Indexed enumerator using C# 7 and ValueTuple

One of the new exciting features of C# 7 is the introduction of the struct- and instance field-based ValueTuple. Due to changed inner workings of a ValueTuple compared to the classic Tuple, deconstructors and syntactic sugar in Visual Studio, tuples have become a delight to use without compromising the readability of code.

Combining ValueTuples with extension methods is a great way to solve a long-standing and relatively hideous looking piece of code. More precisely, keeping count of an index while enumerating a collection.

Classically, one would probably solve this using one of the two following solutions:

// Using a for-loop to enumerate and assigning an item to a variable
int[] collection = new int[] { 100, 200, 300 };
for (int index = 0; index < collection.Length; index++)
{
    int item = collection[index];
    Console.WriteLine($"{index}: {item}");
}
// Using a foreach-loop to enumerate and increment an index counter
int[] collection = new int[] { 100, 200, 300 };
int index = 0;
foreach (int item in collection)
{
    Console.WriteLine($"{index}: {item}");
    index++;
}

For different types of collections, different approaches may be preferred. For example, for obvious reasons, enumerating a LinkedList using a for-loop and attempting to retrieve by indices (e.g. using the ElementAt method from LINQ) in an iterative manner is a extremely bad idea.

Implementing an indexed enumerator wrapper around an ordinary enumerator, as shown here, offers the ability to generate and access an index along side enumeration of an enumerable data type.

The following example will illustrate the use of the wrapper in practice:

// Using a foreach-loop to enumerate an indexed Enumerable
int[] collection = new int[] { 100, 200, 300 };
foreach ((int item, int index) in collection.AsIndexedEnumerable())
{
    Console.WriteLine($"{index}: {item}");
}

As shown above, before enumerating the collection, the AsIndexedEnumerable extension method is called to create an instance of the IndexedEnumerator wrapper around the collection's enumerator.

Following, the ValueTuple created in the IndexedEnumerator is deconstructed into an item and an index resulting in a compact, neat and easy-to-read standard looking foreach-loop.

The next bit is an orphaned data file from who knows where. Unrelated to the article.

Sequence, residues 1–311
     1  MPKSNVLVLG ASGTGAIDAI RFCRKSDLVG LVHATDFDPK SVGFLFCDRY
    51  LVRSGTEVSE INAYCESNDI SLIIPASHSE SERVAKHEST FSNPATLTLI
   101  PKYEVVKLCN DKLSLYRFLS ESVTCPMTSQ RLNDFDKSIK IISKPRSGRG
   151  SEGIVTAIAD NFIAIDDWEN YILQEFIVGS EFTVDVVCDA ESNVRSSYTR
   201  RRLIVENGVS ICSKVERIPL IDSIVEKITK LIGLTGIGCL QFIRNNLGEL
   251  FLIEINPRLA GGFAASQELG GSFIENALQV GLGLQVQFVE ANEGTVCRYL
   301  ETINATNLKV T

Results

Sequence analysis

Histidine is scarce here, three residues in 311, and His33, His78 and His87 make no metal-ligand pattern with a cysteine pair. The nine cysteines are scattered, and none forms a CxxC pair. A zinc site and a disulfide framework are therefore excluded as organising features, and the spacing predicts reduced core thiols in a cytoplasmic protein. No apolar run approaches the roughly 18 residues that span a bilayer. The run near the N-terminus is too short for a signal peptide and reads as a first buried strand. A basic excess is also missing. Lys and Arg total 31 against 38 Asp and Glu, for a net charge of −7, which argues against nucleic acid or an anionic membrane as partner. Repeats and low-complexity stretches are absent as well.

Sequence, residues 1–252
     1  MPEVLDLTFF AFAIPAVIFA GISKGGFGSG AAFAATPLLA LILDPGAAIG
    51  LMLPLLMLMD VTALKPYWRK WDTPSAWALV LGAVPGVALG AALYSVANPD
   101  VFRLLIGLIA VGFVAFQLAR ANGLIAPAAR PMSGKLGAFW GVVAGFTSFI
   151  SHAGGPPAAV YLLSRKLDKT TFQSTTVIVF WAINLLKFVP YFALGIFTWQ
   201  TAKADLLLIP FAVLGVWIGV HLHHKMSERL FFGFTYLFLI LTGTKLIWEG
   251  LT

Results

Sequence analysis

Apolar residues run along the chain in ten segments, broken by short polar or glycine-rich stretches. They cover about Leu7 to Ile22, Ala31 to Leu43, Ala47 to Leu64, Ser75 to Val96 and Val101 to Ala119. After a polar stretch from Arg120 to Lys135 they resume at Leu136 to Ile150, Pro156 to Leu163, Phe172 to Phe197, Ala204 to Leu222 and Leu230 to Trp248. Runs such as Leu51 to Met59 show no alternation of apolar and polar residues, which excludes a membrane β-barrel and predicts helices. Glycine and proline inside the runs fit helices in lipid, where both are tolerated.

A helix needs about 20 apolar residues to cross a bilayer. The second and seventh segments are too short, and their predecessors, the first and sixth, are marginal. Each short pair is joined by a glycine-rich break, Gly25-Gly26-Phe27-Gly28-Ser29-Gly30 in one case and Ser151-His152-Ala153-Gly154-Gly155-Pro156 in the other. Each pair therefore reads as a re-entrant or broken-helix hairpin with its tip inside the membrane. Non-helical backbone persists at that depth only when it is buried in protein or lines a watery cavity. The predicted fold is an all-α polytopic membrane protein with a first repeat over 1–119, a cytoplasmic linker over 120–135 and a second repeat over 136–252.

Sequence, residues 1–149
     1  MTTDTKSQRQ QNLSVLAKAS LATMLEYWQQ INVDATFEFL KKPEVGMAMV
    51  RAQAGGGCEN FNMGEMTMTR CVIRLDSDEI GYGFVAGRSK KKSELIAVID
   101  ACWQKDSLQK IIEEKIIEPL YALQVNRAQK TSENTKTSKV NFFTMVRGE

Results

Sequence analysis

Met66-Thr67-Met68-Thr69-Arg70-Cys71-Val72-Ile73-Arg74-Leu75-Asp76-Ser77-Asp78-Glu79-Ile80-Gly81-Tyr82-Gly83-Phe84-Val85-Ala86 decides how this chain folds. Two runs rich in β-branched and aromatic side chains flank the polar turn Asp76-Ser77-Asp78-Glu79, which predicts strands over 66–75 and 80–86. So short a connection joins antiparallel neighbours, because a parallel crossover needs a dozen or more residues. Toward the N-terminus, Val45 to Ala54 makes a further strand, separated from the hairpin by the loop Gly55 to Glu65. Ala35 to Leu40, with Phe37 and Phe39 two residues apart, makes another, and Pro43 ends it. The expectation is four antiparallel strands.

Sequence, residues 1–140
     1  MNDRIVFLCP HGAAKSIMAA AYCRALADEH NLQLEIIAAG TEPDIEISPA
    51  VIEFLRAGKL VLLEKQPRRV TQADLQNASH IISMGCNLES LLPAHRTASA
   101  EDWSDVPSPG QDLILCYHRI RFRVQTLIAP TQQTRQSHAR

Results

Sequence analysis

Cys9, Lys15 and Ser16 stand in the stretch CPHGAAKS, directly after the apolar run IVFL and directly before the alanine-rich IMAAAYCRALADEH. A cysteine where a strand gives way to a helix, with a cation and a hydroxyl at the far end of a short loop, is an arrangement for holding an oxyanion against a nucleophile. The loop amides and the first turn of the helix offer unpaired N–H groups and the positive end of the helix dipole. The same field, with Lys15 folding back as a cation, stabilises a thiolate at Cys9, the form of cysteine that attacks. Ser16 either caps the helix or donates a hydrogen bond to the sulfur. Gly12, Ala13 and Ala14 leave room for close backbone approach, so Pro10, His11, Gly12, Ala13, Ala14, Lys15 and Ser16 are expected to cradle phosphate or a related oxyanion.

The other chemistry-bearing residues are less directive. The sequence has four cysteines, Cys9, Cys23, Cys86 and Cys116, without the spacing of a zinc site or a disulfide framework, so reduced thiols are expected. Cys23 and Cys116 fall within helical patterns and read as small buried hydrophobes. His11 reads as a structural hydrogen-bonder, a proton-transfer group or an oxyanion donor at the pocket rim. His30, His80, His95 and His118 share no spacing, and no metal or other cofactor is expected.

The two core pieces of this IndexedEnumerator wrapper are a simple counter and a simple construction of a ValueTuple as shown here:

public bool MoveNext()
{
    bool result = _enumerator.MoveNext();
    if (result)
    {
        _index++;
    }
    return result;
}
public (T element, int index) Current => (_enumerator.Current, _index);

Upon call of the MoveNext method of the enumerator, the IndexedEnumerator will first call the wrapped enumerator and increment an index counter. Thereafter, when calling the Current property, a ValueTuple will be constructed using the index and the wrapped enumerator's Current property.

The implementation is not pure good news though. A major drawback which has been proven in tests, is a relative large performance penalty. Compared to a call of the AsEnumerable method, the tests showed an almost threefold increase in execution time. Compared to executing a for each loop on a plain integer array, the IndexedEnumerator showed an eight times speed penalty.

I have not yet attempted any sort of speed optimizations, but it is not unlikely that such would possible.

A major benefit of the implementation is that it allows any existing enumerator to be used and no re-implementation is needed. At the same time, it creates more clean and neat looking code with no counter variable and visible increments. If one is not working with huge collections or frequent iterations, using this solution may be viable, but as always, when performance and speed is a concern, other optimizations may need to be considered.